Eighty percent of the decommissioned Route 66 still exists in some form or another, but you won’t find much of it in a road atlas. Most of the miles are paved over and going by a different name now. Some became country roads where the original Route 66 pavement still peaks through gravel and dirt. Some of the miles are now Farm-to-Market roads and a good chunk is now a service road for Interstate 40. Although it's true that the Interstate is faster, in better condition, and doesn’t take you into every town between you and your destination, if I have to get on the Interstate for a few miles, I’m anxious to get back to the old Route 66.
The car was quiet other than the hum of the rough pavement under the tires. Thumper was reading a book. I was daydreaming while looking out at the line of traffic on Interstate 40. So many cars, yet I was the only one on Route 66 as far as I could see. With all the advantages of an Interstate, I tried to think of why I prefer the old road. Why, after hundreds of miles, have I almost developed an emotional attachment to it? I tried to come up with a comparison to explain the difference and thought of old weather-beaten barns. New barns have their advantages too, but they never make me want to pull my car off to the side of the road, grab my camera, and walk across a muddy field to take pictures of it.
This reminded me of when I went to visit the girls in Kentucky before this trip began. While I sped down Route 66 and stared out at the long stretch of bumpy two-lane highway, I thought about Thumper giving me a tour of their farm. We went into a barn that had sunlight shining through the cracks between the siding. We climbed onto a stack of hay bales and sat while she told stories of growing up on the farm. Like the old barn, the old highway has a history. I think that’s why I prefer it. The old road has stories. It's not just for getting from point A to point B. Traveling on it adds to your life's experiences. The way it resides in our fond memories, it almost seems like a living thing. For lack of a better word, Route 66 has a soul.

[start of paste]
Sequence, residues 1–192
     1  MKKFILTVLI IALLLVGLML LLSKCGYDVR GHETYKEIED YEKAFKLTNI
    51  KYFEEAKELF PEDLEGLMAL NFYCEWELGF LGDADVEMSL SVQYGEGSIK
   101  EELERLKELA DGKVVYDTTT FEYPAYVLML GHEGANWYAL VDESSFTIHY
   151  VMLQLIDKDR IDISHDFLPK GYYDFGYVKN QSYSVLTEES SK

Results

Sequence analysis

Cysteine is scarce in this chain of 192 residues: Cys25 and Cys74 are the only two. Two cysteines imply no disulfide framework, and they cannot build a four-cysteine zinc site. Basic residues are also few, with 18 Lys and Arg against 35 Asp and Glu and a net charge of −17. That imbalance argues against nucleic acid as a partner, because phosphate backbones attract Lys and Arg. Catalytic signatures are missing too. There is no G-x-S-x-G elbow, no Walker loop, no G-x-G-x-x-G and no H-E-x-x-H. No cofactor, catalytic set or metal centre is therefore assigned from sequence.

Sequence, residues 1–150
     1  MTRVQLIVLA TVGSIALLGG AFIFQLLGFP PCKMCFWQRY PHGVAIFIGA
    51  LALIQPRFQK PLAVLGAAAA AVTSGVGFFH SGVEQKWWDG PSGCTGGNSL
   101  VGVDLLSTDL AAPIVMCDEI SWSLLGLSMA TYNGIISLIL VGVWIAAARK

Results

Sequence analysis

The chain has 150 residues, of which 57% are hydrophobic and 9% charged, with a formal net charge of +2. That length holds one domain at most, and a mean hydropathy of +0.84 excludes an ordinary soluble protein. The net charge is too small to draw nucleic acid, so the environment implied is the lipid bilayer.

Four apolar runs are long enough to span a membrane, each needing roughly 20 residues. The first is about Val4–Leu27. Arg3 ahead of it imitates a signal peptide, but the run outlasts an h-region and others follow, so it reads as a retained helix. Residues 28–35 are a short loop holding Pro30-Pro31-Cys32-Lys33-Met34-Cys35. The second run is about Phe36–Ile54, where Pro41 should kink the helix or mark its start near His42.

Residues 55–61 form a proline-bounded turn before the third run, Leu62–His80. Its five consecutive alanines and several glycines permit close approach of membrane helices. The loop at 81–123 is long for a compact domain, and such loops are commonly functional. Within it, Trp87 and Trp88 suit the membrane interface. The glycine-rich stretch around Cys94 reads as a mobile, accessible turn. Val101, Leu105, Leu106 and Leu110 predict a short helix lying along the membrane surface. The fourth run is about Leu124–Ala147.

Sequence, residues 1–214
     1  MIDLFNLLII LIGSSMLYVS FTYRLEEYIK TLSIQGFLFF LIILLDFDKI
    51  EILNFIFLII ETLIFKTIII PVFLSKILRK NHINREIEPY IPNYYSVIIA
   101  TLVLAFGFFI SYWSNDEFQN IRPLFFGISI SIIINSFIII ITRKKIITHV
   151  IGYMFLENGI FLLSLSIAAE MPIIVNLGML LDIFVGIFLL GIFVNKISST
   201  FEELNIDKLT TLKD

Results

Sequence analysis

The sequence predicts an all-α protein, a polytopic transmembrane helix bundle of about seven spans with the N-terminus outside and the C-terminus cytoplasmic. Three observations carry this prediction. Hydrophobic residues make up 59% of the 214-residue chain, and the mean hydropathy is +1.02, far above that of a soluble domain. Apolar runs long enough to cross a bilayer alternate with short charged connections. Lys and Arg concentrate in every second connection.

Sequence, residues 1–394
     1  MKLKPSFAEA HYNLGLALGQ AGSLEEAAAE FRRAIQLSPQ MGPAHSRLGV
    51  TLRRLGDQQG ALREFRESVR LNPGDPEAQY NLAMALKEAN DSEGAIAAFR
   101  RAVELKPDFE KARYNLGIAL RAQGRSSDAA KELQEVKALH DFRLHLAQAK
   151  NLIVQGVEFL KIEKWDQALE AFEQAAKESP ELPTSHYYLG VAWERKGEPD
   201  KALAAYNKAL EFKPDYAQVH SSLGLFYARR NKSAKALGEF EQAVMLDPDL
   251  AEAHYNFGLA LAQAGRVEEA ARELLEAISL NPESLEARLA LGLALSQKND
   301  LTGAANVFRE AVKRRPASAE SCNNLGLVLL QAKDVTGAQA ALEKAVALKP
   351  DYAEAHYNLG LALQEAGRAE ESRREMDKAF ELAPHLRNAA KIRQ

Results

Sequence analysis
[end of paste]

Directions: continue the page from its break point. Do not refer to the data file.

Suddenly, I noticed the road change up ahead. I was speeding along at sixty miles per hour then slammed on my breaks. My tires skidded a few yards on the chipped and crumbling highway. Thumper dropped her book to her lap and drew back into her seat. The road’s pavement came to an abrupt end and turned to gravel, grass, and bumpy tire tracks sunken into the soil from previous Sixty-sixers sliding to a stop and U-turning. We laughed at the situation while adrenaline increased our heart rate and turned our legs to jelly. We tried to see if we could continue in the Honda, but they weren’t exactly built for off-road.
I turned the car around and we had another Route 66 story to add to our list. I continued my drive to Amarillo, TX on Interstate 40, but at the next chance I got, I pulled back on the old beaten down road ready to see what else it might throw our way.